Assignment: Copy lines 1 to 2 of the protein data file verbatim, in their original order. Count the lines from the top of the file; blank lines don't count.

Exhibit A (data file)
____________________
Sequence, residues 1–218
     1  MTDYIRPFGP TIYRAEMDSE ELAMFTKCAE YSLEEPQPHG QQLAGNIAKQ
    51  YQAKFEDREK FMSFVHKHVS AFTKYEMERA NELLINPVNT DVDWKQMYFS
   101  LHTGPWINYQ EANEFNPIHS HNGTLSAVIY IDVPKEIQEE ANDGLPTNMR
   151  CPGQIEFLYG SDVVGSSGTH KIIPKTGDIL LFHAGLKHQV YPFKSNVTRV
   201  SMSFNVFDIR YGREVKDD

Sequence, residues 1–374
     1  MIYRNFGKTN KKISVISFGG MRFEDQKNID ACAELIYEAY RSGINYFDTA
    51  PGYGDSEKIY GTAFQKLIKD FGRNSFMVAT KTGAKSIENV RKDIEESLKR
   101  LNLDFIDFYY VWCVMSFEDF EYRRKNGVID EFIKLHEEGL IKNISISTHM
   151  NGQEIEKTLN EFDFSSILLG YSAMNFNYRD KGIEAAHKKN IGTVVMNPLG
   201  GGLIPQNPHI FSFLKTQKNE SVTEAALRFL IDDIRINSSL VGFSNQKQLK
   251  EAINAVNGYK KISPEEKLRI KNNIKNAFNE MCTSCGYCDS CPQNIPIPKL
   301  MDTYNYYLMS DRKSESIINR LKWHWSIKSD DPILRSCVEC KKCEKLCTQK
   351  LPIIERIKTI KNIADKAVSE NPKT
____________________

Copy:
Sequence, residues 1–218
     1  MTDYIRPFGP TIYRAEMDSE ELAMFTKCAE YSLEEPQPHG QQLAGNIAKQ